Thelonious Monk was truly one of the most expressionistic musicians to ever live. Actually, to reduce the piano great to a mere musician is a bit insulting. He was more than that. Monk was a painter. He was a virtuoso. He was a master. He was an artist in the truest sense of the word. He was a giant. He was imaginative. He was fearless. He was an inventor.
Largely credited for the creation of be-bop, Monk laid the groundwork for modern-day jazz. He continuously fought to keep things outside the box, always looking forward and seemingly never questioning himself no matter what repercussions may lie ahead. Listening to him play is like listening to a man pouring out his soul in the most Shakespearean way. Even without words, his piano mastery immediately transfixes all listeners and guides them through an emotional journey that could be ruined only by other sounds.
That’s why Thelonious Alone in San Francisco, the second of three albums filled with nothing but solo piano music that Monk released in his career, continues to set the standard for jazz performance today. Sure, any fan of the genre can already tell you how influential the release was when originally recorded in 1959. But with Concord Music’s Original Jazz Classics series’ recent reissue, we are all reminded once again of the legend’s impact on an entire movement of music.
The only extra offering we receive here is a second take on “There’s Danger in Your Eyes, Cherie”, one of the standout tracks from the original album’s set. The difference between the two performances is minimal yet noted. Whereas the originally released recording sees Monk abundantly use accents and aggression, this previously unreleased version is more delicate. The legend’s signature pauses and punches are still there, though with this alternate take, everything seems more subdued, as though Monk consciously recorded one version filled with fire and another with tears. The difference in approach doesn’t take a thing away from the initial sterling composition, though, and the newly released version proves to merely be yet another example of how intelligent Monk’s music can appear.
The other tracks on Thelonious Alone in San Francisco also prove to have aged with grace, now more than 50 years removed from when they were initially realized. The album has always contained one of the most riveting renditions of “Blue Monk” ever recorded, and hearing it lead the album is again a reminder of the uniquely brilliant mind that sat inside Monk’s head. Even more so, the expertise within the intricacies of the pianist’s playing prove to be best suited for this setting, without the aid of other instruments. This particular performance is the best way to take in all of what Monk intended when originally penning the piece.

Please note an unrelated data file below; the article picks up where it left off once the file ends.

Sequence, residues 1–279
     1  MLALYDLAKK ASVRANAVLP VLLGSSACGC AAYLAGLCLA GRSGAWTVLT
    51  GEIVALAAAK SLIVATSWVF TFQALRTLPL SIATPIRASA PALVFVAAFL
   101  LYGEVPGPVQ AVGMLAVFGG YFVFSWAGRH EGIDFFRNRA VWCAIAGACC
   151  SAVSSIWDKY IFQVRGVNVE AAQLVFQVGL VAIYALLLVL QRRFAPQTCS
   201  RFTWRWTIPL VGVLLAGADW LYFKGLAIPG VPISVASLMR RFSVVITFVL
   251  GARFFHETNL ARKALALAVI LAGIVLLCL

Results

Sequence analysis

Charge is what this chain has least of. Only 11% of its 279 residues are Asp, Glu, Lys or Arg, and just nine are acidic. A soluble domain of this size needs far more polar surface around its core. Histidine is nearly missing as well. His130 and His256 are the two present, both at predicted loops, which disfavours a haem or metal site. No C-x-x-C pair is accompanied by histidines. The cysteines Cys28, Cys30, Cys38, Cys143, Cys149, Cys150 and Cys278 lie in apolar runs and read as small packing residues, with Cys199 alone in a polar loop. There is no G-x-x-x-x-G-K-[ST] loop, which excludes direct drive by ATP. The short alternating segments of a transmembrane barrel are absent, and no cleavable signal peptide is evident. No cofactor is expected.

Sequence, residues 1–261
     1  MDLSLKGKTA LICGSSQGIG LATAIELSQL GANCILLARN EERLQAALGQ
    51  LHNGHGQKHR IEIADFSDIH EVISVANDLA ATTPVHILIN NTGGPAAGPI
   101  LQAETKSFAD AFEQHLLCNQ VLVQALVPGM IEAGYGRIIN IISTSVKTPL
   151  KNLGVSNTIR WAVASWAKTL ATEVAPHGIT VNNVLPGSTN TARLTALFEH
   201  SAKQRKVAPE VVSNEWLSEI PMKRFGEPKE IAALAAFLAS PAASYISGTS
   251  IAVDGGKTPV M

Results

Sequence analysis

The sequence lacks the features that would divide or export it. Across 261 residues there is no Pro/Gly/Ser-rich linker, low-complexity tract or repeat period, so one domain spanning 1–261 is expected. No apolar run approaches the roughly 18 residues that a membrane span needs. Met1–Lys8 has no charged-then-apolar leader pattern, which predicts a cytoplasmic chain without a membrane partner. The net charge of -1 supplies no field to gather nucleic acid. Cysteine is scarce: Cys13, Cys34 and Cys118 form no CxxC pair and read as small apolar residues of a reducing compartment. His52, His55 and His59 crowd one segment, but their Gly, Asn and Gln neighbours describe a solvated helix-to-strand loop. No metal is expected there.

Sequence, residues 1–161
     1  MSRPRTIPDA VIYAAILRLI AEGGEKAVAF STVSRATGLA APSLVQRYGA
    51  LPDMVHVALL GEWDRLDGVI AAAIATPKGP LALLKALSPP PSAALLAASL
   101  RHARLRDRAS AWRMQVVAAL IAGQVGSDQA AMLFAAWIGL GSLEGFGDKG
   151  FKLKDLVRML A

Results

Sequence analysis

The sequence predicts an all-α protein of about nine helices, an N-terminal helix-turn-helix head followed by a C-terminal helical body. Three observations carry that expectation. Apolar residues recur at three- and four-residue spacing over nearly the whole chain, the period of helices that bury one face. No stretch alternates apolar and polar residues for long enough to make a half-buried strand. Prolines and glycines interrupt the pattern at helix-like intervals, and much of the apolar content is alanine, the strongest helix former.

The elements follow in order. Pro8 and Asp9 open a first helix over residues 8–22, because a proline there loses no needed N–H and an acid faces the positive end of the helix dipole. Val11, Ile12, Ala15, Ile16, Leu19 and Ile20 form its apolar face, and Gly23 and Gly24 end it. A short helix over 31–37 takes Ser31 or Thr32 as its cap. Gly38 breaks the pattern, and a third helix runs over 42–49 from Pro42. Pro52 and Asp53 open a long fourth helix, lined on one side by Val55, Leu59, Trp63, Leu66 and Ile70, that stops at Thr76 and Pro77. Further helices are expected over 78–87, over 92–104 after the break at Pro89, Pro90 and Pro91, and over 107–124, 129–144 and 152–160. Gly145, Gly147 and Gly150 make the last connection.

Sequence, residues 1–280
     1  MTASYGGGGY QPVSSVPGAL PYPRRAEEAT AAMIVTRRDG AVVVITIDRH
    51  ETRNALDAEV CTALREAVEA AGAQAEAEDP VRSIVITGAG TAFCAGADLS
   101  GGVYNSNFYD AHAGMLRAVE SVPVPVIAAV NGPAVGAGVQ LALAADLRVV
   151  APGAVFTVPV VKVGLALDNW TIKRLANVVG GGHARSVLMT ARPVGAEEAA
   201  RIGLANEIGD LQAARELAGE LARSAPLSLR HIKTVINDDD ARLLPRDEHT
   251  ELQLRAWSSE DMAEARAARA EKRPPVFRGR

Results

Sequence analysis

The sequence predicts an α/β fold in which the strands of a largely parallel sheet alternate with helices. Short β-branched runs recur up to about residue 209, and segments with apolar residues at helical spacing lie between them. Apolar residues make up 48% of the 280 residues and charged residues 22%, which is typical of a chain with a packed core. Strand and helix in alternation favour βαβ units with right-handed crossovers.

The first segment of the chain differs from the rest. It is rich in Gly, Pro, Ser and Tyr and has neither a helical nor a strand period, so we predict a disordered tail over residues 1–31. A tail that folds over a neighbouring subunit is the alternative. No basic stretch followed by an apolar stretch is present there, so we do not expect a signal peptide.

“Everything Happens to Me” allows Monk to play with tempos and time signatures as breathlessly and breezily as anyone who has ever sat behind a piano. “Round Lights” and “You Took the Words Right Out of My Heart” are two exhilarating adventures through music and mind, proof that Monk never needed to utter a word to convey the emotions with which he seemed to be constantly wrestling. Tracks such as “Ruby, My Dear”, “Reflections” and “Bluehawk” continue to bleed as much genius today as they did when the icon first laid the songs down half a century ago.
Some people argue that Thelonious Alone in San Francisco is the best record Thelonious Monk ever produced. It’s a portrait of relaxation — a peak into what it might be like to simply sit around and watch a master work by himself with only his craft. There are also those who believe that Thelonious Alone in San Francisco is one of the greatest jazz music recordings ever because of its detailed journey into such an unparalleled musical mind and because that voyage is set in such a raw atmosphere that the element of intimacy becomes palpable with each listen.
Wherever Thelonious Alone in San Francisco ultimately winds up in the history of musical legend is seemingly irrelevant at this point. More than anything else, this album is a lesson in composition. It’s a lesson in craftsmanship and it’s a lesson in language. Monk was talking to himself throughout all of Thelonious Alone in San Francisco. Little did he know, though, that those thoughts would translate into something as beautiful, interesting, masterful and inspiring as the songs that appear on this masterpiece of a record. It’s a conversation we all long for when interacting with others. As Thelonious Alone in San Francisco proves, it’s a conversation this legend had no problem igniting whenever he happened to find himself alone with a piano.